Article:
The arts can be used to re-motivate frustrated students or enrich the conceptual learning for bored students who have already mastered the information. In these cases, however, artistic activities should be authentic and meaningful; they should not be perceived by students as "add-on fluff" to academic subjects. Indeed, the authenticity of the incorporation must be evident to them if they are to participate to their highest potentials and grow in confidence and competence from their achievements.

Immediate Gratification or Effort Toward Goals

One of the most critical executive functions developing in students' prefrontal cortexes is the ability to delay immediate gratification and to apply effort toward goals that are not immediate. This is a habit of mind that sustains successful adults through challenging times and gives them the perseverance to effect positive change even when initial responses are less than enthusiastic.

These executive functions cannot spring up de novo after students leave school. While their judgment, prioritization and goal pursuit neural networks are undergoing their greatest rate of maturation between ages 5 and 25, students need experiences that correlate effort toward progress. They need positive learning, assessment and feedback experiences to build the understanding that, even when pleasure or success is not immediate, their planning, prioritizing and sustained effort can bring long-term and powerful satisfaction.

Through authentic embedding of the arts, you can guide students to recognize the links between their efforts and successful goal outcomes over time. As these positive learning and assessment experiences continue and students begin to build confidence, they will apply effort even when the pleasure is not instantaneous. This begins building their habit of mind such that they recognize value in the practice, review and application of learning even the most challenging or "boring" fundamentals in terms of goals they envision beyond the classroom.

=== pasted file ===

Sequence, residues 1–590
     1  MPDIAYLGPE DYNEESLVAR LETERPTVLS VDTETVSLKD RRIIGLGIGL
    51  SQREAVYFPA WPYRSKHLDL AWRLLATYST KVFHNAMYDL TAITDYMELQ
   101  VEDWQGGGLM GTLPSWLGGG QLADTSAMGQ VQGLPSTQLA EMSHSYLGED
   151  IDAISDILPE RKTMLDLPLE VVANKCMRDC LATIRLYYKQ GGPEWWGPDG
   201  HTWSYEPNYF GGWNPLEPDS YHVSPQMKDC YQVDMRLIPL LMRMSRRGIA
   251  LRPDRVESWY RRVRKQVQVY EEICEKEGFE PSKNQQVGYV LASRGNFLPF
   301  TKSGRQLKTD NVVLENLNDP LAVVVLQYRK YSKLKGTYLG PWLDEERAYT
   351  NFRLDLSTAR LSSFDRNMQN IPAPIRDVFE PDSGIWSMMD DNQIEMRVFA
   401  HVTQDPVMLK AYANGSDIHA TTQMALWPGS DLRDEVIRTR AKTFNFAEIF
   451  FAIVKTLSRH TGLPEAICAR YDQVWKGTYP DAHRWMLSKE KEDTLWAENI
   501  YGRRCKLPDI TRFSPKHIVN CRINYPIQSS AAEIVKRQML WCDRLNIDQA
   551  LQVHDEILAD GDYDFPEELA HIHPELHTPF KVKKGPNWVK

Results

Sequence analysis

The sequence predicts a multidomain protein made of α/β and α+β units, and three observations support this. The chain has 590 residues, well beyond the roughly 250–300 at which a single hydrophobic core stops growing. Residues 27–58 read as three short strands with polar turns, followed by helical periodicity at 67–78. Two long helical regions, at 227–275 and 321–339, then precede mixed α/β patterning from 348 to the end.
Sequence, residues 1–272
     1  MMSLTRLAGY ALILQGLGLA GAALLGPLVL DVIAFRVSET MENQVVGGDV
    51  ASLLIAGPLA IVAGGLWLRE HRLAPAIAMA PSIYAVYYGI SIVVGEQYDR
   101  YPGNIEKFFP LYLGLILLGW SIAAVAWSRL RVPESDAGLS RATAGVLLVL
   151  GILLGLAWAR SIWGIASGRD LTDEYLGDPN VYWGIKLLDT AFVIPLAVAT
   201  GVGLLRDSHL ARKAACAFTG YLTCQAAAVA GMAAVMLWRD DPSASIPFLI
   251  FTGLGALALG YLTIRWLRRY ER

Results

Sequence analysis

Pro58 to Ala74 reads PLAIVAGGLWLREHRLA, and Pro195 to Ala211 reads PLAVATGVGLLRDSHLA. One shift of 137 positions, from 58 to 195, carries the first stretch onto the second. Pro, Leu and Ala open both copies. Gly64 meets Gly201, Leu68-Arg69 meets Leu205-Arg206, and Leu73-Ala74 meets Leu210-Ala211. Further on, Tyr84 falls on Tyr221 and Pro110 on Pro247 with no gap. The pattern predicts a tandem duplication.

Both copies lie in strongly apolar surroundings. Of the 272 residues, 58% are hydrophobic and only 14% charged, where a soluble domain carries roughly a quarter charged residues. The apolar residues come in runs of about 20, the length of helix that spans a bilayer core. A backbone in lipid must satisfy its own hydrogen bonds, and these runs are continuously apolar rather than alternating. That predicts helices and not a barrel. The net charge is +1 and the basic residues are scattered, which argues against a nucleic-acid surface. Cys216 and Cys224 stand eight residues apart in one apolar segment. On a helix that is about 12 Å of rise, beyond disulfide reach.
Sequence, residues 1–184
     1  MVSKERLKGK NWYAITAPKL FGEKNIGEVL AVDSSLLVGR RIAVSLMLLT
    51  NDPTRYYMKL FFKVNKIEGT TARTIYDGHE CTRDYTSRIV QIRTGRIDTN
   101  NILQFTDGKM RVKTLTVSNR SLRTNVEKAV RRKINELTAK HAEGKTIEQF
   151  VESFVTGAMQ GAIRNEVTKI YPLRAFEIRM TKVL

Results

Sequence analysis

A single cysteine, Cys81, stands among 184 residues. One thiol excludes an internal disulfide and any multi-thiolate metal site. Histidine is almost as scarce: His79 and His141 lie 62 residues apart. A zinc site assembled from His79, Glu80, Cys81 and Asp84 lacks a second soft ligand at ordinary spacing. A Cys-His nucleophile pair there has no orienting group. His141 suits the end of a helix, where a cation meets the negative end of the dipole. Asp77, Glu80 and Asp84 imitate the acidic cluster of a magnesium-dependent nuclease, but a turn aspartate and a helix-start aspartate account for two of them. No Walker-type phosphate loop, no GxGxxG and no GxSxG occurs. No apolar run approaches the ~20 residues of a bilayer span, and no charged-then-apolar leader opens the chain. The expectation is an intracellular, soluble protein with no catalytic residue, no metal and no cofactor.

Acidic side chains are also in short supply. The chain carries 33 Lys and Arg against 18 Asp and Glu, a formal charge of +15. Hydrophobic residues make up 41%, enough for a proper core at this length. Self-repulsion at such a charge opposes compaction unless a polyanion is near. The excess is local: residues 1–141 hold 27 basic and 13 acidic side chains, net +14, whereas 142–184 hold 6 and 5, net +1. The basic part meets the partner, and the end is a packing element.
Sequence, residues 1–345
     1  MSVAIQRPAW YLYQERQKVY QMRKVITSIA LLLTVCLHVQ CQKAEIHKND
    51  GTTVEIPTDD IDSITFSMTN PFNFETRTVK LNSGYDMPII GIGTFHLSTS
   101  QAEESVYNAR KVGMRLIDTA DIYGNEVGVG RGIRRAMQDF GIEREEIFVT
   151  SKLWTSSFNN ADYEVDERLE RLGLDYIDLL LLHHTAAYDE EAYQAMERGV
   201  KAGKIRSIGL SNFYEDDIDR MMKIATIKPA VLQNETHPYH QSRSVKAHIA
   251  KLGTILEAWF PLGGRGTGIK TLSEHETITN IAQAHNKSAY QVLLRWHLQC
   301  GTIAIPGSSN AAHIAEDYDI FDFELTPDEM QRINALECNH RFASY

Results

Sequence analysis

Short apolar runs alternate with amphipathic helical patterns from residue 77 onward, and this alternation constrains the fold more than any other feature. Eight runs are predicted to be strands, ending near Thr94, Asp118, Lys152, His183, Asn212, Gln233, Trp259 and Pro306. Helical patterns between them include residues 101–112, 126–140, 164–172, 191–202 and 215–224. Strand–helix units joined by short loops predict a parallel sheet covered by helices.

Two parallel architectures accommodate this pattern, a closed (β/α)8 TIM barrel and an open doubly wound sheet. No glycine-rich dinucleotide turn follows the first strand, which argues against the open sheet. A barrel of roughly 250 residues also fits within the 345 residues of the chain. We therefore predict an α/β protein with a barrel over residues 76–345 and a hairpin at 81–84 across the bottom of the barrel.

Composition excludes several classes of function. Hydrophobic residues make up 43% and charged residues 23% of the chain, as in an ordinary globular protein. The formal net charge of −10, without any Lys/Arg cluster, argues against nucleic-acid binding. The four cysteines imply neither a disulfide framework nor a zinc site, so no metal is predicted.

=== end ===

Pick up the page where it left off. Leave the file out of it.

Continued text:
You may recognize the impact of your efforts as you see students apply more effort, collaborate successfully, ask questions, revise work and review foundational knowledge as they recognize how these can help them reach what they now perceive as achievable and desirable goals.

The Arts and the Neuroscience of Joyful Learning

The arts also promote symbolic/conceptual thinking and innovative skillsets. Arts integration correlates with students' increased sustained attention not only while participating in art-related activities, but also with increased attention span in general and improved critical thinking (Posner and Patoine, 2009; Uptis and Smithrim, 2003).

With the arts in the picture, classrooms can be the safe havens where emotional comfort and pleasure are companions to knowledge acquisition. Students will gain emotional resilience as they learn more efficiently and at higher levels of cognition.

It will take more time and study to make greater direct correlations between the research and teaching interventions. However, the good news is that the preliminary neuroscience research correlates experience in symbolic representation of academic learning with the neural activity seen when the brain processes information using the highest forms of cognition, creative problem solving, critical analysis and innovation.


Posner, M. & Patoine, B. (2009). How arts training improves attention and cognition. The Dana Foundation.

Talmi, D., Anderson, AK., Riggs, L., Caplan, JB., Moscovitch, M. (2008). "Immediate memory consequences of the effect of emotion on attention to pictures," Learn. Mem. 15, 172-182.

Uptis, R. & Smithrim, K. (2003). Learning through the Arts National Assessment.